Cramer: Tesla’s new stock offering is smart because ‘the world’s changed’ since the coronavirus

Tesla’s decision to embark on a secondary stock offering is smart given the increasing global uncertainty around the coronavirus, CNBC’s Jim Cramer said Thursday.

“Anyone who begrudges, with the stock all the way up from where he reported, is nuts,” Cramer said on “Squawk Box.” “Why not take the money? The world got a lot less certain in the last 10 days.”

Shares of Tesla went on a wild ride last week — but year-to-date, the stock is up more than 80% and about 220% in the past six months. The stock opened 3% lower Thursday, but turned positive shortly after.

Tesla said before-the-bell that it plans a $ 2 billion common stock offering, a reversal from two weeks ago when CEO Elon Musk said the electric car maker didn’t intend to take advantage of its soaring stock to raise fresh capital.

“We’re spending money as quickly as we can spend it sensibly,” Musk said then, adding, “in light of that, it doesn’t make sense to raise money because we expect to generate cash despite this growth level.”

But since Musk made those comments, “the world’s changed,” Cramer said, acknowledging the coronavirus concerns in the market.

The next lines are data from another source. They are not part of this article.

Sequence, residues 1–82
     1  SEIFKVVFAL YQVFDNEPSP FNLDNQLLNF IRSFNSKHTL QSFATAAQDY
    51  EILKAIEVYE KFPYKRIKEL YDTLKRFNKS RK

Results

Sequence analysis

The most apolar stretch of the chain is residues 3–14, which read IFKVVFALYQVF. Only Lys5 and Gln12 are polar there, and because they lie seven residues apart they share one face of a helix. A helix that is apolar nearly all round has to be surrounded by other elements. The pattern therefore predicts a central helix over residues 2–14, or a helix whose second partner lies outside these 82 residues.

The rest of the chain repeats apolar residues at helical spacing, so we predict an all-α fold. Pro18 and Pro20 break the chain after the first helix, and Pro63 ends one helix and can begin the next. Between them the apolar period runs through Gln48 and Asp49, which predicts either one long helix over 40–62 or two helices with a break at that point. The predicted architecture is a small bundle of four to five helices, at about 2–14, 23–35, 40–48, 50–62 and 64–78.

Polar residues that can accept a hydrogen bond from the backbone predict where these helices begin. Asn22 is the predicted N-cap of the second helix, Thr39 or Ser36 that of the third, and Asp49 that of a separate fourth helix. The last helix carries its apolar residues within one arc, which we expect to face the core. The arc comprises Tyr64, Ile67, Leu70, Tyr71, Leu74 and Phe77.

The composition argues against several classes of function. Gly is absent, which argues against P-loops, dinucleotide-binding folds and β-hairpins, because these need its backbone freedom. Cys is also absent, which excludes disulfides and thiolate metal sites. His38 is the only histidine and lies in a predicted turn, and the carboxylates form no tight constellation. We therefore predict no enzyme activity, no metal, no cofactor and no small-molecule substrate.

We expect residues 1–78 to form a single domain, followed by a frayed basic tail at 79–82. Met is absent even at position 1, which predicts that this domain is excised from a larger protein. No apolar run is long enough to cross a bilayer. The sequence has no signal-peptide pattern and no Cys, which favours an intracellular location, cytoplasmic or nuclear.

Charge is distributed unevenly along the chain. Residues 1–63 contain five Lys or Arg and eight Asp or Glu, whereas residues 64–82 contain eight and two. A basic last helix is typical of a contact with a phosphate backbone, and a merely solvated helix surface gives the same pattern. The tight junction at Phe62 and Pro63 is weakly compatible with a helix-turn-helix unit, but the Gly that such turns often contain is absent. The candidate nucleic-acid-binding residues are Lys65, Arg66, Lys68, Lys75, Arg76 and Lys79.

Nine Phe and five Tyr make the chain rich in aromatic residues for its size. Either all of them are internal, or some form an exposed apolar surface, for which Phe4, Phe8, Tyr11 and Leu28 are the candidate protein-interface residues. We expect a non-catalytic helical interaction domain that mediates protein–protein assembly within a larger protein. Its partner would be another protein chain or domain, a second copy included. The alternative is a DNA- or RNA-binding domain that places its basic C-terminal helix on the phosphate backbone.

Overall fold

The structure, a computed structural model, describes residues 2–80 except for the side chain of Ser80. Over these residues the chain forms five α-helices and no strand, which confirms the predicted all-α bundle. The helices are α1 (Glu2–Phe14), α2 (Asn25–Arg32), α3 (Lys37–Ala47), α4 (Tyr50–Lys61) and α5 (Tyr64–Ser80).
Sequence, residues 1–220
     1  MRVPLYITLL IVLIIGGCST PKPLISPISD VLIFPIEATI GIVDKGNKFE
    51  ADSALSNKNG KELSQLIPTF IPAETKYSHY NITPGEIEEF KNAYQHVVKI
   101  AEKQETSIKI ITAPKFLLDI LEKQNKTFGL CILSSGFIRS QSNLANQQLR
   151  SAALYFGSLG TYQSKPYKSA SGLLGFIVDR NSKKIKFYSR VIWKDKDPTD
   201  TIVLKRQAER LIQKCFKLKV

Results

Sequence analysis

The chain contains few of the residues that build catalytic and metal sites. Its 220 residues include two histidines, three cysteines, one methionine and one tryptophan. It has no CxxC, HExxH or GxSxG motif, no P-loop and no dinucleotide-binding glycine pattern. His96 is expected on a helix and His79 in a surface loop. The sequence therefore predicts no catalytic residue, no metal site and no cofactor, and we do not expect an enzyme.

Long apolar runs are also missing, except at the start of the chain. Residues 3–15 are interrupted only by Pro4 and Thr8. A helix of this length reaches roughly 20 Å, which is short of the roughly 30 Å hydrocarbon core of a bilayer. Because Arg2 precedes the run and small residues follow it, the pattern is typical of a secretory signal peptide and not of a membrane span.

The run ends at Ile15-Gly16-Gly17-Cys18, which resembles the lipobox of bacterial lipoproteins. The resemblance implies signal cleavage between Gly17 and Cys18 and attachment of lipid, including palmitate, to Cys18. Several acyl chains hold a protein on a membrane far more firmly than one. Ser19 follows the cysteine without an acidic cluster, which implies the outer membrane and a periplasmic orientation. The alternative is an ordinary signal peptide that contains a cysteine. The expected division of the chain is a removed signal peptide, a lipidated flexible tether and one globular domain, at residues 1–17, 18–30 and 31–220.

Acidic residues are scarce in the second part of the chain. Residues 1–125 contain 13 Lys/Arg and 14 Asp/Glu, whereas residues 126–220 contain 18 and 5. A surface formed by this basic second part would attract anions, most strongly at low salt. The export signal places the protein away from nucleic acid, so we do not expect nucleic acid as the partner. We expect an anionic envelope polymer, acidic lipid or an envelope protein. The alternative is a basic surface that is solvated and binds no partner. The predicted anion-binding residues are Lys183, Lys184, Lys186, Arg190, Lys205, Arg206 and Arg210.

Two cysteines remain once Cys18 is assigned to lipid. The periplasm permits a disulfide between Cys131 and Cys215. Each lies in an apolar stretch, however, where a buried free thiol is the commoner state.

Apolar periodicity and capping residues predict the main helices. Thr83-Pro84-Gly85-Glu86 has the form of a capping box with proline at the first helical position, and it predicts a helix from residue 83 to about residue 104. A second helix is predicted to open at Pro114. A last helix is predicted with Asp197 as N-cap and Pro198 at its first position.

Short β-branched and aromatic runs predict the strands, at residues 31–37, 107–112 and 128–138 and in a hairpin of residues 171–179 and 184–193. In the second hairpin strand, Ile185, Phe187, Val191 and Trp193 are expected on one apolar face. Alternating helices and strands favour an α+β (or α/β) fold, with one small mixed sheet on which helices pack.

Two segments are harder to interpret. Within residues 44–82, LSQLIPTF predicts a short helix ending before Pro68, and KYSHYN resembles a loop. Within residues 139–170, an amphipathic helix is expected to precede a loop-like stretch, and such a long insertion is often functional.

The coronavirus has continued to spread, with more than 60,000 total confirmed cases and nearly 1,400 deaths. The vast majority are in China.

The outbreak’s ripple effects have had significant economic impacts, disrupting supply chains and altering consumer spending.

Tesla temporarily closed its China stores and announced cars initially scheduled for delivery to customers there in early February would be late because of the coronavirus.

It also had to close its Shanghai factory for about a week; it got back up and running this week.

“You could argue what Elon’s doing is saying, ‘Look, the stock’s much higher now. I need the money. Maybe you don’t know how quickly China is going to come online. We have a lot of demand all over the place,'” Cramer said.

Later, on “Squawk on the Street,” Cramer suggested all companies with significant operations in China should be preparing for prolonged coronavirus-related impact.

“Anybody who has a lot of business in China would do best to try to figure out how much money they need if it doesn’t come back online until, say, the summer,” Cramer said.

“Musk has made a judgement that he’s going to be fine no matter what,” he added.

Cramer used to be relatively skeptical of Tesla, but his outlook turned more positive toward the company late last year, due largely to the wishes of his wife, Lisa, who wanted a Model X sport utility vehicle.

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